Everything from 10 to 20 in the NHL is pretty much average, mathematically.

  • Fedor

    The ranking is based on combination of potential and probability of reaching potential. You brought a good example. Sanford has a high ceiling, but I don’t think his odds to reach it are very low. Meanwhile, Latta is almost there. And that makes difference.

  • Eric Schulz

    To me, 14 and above is “above average.” Obviously, if I think a guy is right at 14, I may not call him above average, but I don’t think I’d go as wide as 10-20. I wouldn’t go above average, average, below average; I’d go elite, above average, average, below average, bad.
    I feel like I’d rather have Howard than Niemi, Bishop, Crawford, or Mason, at least for this year (not taking into account age, since I feel like Bishop can still get better). Not so sure about Bobrovsky either; I’d like to see a bit more of a track record of success before I feel confident.

    Also, before this year, I don’t think you would’ve put Varlamov above Howard; are you willing to trust that 55-some games is more indicative than the entire rest of their careers? Rinne is injured right now; I’d rather have Howard.

  • Eric Schulz

    My point with Rinne being injured is that it’s a fluid list. I hate hyperbole more than anyone else (according to announcers, everybody in the NFL is either the best, one of the best, or one of the most underrated. Nobody is bad, overrated, or even average), but in this case, I don’t have a problem with perhaps a few more than 14 guys being called above average, even though it may not seem logical; few guys are so consistently good that they have a 4+ year stretch as a top-10 or better goalie. Besides, even “average” isn’t as straight-forward as you may presume. If you find the league average save percentage (even just for starters), you may find more, or less, than 15 guys above that. To me, when I call a guy “above average,” I mostly mean that the team he is on is not worried about upgrading. To some degree that may be not terribly accurate, if you want to quibble with semantics here, but I think “above average” connotes, properly, that it would be hard to upgrade on him, whereas “average” implies that you could find a guy to replace him easily (so should not overpay), and “below average” means it’s a problem that needs to be fixed.

  • Fedor

    I always thought Howard is quite a bit overrated to be honest, or rather benefitting from a team that has been making playoffs every year he’s there.

  • Eric Schulz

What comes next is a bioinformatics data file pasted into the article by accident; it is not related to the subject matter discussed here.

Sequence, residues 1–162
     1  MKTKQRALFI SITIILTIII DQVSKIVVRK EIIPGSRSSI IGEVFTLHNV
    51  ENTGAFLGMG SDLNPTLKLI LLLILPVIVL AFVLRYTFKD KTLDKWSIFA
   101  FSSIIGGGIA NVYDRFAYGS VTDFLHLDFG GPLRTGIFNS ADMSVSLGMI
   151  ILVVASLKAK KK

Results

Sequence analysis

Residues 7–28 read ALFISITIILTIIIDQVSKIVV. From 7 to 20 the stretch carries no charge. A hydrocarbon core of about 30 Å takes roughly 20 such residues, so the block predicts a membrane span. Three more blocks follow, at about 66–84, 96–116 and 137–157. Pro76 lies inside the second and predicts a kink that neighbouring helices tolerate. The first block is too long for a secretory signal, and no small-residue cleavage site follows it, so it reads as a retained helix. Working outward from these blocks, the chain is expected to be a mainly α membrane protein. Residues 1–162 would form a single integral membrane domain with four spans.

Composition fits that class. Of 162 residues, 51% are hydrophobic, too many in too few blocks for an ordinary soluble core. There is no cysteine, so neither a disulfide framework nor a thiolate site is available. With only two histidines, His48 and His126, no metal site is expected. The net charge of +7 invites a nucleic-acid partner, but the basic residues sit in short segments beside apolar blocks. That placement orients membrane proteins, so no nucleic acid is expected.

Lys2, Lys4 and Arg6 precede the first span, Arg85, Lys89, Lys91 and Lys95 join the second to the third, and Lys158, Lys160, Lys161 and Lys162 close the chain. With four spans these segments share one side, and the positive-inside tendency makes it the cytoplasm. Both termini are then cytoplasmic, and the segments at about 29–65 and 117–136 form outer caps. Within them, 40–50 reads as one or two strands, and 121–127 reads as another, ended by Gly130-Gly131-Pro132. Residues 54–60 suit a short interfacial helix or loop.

He’s pretty clearly on a very good (and well coached) team, so perhaps. Without watching them more closely, I figure I’ll give him the benefit of the doubt. There aren’t a heck of a lot of writers/analysts in hockey that I trust are great enough at evaluating these things (the bigger ones take in too much, and the ones that follow certain teams tend to be biased, understandably so; perhaps my own ego prevents me from trusting some too. For instance, I trust Robert Mays’ and Bill Barnwell’s football knowledge enough that if my own judgement disagrees with theirs, I will re-evaluate and likely change my opinion. I’m more knowledgeable about hockey, so less trusting in most areas). But I don’t know, I tend to listen, overall, to less hockey stuff now (sticking mostly to this blog, and watching games, because I can’t find a lot of really great stuff that I like), so I can’t talk as knowledgeably about over- or underrated. I’d say the problem, as far as his overall ability, is where you’d place him. If, for instance, you cut all starting goalies into 3 tiers, I’d probably have him in the 2nd, but on the higher level of that 2nd. I can understand calling him “average” because he’s in the middle tier, but I think he’s most similar to perhaps Antti Niemi or Corey Crawford, as far as you can win a Cup with him, not “because of” or “in spite of” him. If a guy is a legit starter like that, I tend to say “above average” because there are a lot of “starters” that aren’t of that caliber, but start due to teams that don’t have any other option, and there are really more than 30 starters, if you count 1A/1B situations (I’d say St Louis qualifies). I tend to count all NHL goalies more than just starters, because not all teams have legit starters; I’d guess about half to a third of the teams in the league don’t have a guy who is clearly the man; perhaps I’m giving him too much credit there. Also, with me it’s hard to remove context and contract. I believe he’s fairly paid, so as far as bang for the buck, he’s probably above average.

  • Eric Schulz

    On 2nd look, he may be a little overpaid. 3 of the last 4 years he’s had a save percentage at or above .920 though. I’d say that’s above average.